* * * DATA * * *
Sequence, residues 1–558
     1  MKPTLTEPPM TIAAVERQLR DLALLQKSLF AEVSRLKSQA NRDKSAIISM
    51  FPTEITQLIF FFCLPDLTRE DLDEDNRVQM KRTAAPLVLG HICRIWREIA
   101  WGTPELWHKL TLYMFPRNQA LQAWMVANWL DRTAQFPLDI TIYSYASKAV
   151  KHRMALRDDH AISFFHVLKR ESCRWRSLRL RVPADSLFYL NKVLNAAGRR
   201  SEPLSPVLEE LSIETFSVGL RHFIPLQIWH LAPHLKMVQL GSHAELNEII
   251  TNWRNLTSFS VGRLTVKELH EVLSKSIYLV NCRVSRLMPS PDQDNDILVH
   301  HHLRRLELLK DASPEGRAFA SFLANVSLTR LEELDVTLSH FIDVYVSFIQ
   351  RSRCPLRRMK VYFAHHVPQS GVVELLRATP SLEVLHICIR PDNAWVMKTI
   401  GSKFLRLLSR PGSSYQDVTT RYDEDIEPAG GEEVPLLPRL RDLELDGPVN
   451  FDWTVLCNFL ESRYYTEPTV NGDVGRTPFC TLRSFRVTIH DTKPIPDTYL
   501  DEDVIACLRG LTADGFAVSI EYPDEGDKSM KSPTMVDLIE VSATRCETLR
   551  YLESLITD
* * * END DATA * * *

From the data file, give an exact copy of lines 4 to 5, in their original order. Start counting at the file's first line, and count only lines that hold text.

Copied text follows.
   101  WGTPELWHKL TLYMFPRNQA LQAWMVANWL DRTAQFPLDI TIYSYASKAV
   151  KHRMALRDDH AISFFHVLKR ESCRWRSLRL RVPADSLFYL NKVLNAAGRR